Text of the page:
Examiner musings on candidacy Pt I

Extracts from a messaging app conversation between some examiners…

How much time did you spend studying? I started a year before, but spent the first three months falling asleep at night trying to read Guyton’s chapter on cellular physiology. After this, I gave up and read West instead…

A couple of things I did which were effective. A few months out I decided to do 6 hours effective study per day on the weekend, and then go out. I made 24 checkboxes, and ticked each one off after I did 15mins of effective study. It is a lot easier to keep yourself focused for 15mins than 6 hours…

The other really useful thing was compiling a list of every viva opening question. I ranked them in order of frequency, and wrote a card on each one—the answer to the opening question, and what I thought the followup would be…  (The opening questions aren’t published anymore but there is a large bank of them to be found on older exam reports. WW.)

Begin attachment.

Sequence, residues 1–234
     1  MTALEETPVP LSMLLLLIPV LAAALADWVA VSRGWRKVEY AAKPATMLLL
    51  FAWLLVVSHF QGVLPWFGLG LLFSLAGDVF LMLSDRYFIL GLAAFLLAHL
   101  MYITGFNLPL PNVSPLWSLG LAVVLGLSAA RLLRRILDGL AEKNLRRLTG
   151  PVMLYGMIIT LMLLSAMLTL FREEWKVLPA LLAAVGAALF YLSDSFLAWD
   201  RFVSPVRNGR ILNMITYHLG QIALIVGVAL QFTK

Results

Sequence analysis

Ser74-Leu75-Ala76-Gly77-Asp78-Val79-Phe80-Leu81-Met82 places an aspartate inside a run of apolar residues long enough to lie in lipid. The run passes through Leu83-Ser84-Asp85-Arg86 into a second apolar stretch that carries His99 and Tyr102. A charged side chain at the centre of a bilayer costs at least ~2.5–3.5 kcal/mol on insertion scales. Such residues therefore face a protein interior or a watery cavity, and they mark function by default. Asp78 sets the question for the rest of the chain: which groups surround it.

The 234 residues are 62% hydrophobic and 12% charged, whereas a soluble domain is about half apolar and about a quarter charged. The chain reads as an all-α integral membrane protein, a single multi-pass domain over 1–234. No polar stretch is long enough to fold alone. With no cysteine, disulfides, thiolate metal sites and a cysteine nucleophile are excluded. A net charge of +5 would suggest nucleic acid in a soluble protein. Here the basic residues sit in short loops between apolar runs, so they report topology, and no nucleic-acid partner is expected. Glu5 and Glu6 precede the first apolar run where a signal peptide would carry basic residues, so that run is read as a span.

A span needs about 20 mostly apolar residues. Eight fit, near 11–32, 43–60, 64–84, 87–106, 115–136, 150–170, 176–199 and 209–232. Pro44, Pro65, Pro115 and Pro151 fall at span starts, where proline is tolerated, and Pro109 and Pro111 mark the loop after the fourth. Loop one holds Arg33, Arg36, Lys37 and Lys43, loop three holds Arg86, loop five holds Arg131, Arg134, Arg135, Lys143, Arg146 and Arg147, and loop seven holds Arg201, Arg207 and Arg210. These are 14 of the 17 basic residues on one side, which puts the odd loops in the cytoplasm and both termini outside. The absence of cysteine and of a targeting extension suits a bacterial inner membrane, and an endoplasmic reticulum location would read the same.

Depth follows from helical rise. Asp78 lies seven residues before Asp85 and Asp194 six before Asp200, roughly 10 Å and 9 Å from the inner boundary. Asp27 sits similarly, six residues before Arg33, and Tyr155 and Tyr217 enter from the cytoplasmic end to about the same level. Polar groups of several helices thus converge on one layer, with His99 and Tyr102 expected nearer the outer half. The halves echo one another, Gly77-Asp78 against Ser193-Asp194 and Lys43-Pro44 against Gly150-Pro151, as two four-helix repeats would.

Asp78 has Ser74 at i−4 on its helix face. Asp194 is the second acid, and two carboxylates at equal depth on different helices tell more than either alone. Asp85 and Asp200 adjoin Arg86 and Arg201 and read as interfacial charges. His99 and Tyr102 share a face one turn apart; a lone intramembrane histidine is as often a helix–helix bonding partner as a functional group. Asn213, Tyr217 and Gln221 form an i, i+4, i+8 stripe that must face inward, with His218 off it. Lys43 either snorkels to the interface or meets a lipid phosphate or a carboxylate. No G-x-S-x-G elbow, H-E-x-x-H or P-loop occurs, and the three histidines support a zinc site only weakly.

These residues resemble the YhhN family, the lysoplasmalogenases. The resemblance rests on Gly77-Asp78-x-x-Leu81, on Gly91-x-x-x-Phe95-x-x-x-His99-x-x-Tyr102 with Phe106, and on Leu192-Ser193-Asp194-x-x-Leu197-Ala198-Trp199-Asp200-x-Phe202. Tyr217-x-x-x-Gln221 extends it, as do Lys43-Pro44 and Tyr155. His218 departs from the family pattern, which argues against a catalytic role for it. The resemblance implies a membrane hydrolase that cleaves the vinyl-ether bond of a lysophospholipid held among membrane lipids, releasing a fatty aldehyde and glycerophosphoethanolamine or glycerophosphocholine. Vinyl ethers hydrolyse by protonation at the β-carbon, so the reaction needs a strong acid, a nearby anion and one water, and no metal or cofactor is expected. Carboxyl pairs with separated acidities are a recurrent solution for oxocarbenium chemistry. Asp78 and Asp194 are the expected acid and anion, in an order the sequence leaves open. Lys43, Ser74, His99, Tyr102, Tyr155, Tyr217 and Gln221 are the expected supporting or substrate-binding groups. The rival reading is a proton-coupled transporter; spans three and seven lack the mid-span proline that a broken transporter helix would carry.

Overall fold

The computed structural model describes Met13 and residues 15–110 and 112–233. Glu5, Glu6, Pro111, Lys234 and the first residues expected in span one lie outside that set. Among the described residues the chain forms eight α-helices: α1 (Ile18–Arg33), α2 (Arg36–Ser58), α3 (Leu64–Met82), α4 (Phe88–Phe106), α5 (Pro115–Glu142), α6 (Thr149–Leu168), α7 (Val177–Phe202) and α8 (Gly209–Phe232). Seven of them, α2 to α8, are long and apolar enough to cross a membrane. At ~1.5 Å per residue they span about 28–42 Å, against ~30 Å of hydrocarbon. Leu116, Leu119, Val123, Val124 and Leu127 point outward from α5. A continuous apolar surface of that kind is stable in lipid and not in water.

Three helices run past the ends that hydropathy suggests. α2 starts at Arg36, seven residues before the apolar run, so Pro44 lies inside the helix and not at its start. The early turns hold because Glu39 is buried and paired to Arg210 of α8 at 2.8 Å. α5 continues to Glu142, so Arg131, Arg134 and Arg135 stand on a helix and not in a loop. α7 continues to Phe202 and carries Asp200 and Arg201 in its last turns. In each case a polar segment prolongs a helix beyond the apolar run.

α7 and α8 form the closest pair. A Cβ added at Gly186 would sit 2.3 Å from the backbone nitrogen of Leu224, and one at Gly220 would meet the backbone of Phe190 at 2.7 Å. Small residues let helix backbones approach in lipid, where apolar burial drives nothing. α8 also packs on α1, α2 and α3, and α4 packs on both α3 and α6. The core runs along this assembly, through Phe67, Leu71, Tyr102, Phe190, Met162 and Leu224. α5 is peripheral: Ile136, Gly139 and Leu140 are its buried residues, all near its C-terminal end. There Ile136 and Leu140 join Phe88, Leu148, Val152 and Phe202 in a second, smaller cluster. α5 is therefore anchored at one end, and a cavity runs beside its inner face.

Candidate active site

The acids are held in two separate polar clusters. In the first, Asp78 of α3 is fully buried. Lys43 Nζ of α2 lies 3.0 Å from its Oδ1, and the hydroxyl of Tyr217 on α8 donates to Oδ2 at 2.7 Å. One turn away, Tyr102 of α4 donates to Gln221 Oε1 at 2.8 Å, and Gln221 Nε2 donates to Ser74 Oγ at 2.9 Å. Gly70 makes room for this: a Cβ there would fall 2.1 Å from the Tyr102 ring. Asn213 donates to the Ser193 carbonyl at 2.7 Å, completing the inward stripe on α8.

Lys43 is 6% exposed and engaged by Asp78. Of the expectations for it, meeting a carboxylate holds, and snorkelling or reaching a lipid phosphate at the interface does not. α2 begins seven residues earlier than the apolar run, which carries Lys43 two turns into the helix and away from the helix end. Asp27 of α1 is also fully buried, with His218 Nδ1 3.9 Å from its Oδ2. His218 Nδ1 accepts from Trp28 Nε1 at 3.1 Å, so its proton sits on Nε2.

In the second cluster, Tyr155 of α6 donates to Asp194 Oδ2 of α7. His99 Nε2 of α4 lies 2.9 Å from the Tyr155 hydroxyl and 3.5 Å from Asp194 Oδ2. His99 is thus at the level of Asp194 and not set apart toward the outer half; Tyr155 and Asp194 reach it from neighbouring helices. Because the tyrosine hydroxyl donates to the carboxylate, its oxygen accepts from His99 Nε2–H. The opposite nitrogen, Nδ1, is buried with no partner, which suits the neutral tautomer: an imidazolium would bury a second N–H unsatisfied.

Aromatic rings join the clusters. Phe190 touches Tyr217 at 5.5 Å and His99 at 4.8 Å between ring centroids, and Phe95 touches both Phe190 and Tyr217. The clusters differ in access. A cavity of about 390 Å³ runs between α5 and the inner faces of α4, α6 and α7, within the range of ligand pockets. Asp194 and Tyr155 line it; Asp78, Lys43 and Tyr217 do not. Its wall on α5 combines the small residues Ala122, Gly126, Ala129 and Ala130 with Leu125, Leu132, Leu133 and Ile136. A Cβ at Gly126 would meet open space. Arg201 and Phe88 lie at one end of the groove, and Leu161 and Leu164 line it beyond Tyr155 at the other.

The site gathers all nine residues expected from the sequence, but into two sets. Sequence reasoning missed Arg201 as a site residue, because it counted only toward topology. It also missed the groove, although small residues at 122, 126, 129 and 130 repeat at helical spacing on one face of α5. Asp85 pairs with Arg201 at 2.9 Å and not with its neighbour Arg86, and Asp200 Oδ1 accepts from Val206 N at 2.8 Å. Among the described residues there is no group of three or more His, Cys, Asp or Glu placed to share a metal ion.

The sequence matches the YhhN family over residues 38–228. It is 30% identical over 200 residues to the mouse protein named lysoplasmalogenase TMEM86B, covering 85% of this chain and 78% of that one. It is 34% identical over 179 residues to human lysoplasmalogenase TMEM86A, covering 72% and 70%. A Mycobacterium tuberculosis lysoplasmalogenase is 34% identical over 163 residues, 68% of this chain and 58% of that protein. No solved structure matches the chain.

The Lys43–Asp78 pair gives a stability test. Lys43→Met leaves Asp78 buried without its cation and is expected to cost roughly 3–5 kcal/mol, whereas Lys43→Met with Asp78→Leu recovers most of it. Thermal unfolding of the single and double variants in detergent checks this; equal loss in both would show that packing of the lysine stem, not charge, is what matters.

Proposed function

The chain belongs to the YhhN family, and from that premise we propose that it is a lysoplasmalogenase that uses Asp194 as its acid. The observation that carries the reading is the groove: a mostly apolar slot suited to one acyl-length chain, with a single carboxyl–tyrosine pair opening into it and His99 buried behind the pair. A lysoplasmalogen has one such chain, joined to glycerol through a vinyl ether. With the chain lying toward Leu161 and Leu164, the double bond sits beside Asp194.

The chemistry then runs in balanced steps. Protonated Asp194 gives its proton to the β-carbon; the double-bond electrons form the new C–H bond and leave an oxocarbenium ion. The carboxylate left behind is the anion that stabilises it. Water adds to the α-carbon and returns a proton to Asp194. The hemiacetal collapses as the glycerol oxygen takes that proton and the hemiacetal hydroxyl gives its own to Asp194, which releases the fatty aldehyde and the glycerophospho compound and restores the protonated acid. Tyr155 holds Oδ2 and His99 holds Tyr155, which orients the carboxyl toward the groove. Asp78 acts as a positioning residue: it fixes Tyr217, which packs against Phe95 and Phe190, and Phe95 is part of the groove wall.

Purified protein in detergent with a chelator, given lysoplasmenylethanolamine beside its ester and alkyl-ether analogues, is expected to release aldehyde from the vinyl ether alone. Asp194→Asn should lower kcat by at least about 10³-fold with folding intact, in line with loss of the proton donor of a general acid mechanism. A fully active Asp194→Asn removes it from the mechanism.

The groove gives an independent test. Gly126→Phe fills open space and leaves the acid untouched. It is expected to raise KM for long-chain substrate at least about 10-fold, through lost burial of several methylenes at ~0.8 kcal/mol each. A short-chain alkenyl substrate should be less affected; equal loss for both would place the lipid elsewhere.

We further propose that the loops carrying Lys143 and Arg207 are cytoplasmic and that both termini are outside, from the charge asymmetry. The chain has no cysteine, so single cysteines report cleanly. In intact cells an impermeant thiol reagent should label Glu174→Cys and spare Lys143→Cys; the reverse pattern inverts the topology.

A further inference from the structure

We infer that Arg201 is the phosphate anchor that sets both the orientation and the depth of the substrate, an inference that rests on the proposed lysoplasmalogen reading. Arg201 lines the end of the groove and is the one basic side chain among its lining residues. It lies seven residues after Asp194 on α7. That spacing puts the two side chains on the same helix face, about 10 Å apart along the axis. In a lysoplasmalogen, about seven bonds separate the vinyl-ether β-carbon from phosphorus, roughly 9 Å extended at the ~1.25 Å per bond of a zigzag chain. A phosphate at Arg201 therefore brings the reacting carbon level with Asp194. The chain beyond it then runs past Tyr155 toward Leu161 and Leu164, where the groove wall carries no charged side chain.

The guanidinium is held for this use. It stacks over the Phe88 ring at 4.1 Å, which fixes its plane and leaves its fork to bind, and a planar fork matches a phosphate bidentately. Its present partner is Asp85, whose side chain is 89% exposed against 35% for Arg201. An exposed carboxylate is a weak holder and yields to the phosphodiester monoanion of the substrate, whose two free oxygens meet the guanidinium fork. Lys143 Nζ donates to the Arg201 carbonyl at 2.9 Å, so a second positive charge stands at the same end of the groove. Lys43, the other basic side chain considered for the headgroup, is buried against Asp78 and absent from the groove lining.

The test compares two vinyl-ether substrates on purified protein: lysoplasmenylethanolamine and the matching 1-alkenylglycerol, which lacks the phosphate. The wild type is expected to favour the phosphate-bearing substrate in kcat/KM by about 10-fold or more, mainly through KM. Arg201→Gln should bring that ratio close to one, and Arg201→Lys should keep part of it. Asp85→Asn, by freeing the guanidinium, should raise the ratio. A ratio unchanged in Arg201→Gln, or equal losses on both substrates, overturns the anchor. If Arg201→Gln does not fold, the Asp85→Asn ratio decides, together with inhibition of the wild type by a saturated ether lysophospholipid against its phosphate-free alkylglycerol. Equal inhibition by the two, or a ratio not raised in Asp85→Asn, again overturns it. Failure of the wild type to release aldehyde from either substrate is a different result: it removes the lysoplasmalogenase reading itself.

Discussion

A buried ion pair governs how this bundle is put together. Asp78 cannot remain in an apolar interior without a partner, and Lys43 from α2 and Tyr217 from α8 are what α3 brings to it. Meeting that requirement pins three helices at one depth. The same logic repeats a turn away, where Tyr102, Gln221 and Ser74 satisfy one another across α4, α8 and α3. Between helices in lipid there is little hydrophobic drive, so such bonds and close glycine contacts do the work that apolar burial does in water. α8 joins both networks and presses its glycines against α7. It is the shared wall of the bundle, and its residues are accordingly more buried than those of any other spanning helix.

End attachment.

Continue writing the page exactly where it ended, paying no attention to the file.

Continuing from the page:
I think once you have read things once, re-reading isn’t very effective. You need to do something else to ensure you retain and understand the knowledge…

having to teach others is a good technique…

In my first run through the material, I was draconian about what I learned. If I came across something that I decided wasn’t core material, I discarded it. The stuff that was left, I made sure I knew backwards. Then on my second run through, I attached a bit more depth to the “core”. It worked for me, and was actually the first time I’ve studied this way. But I’d never recommend it to anyone else. It just might not work for everyone, and if you misjudge what is “core” you could come very badly unstuck…

The thing that made the biggest difference for me was working with anaesthetists who understood the material, and made it come to life in the operating theatre by using basic sciences to inform their decision making. This not only made the information ‘stick’ it also motivated me to study!

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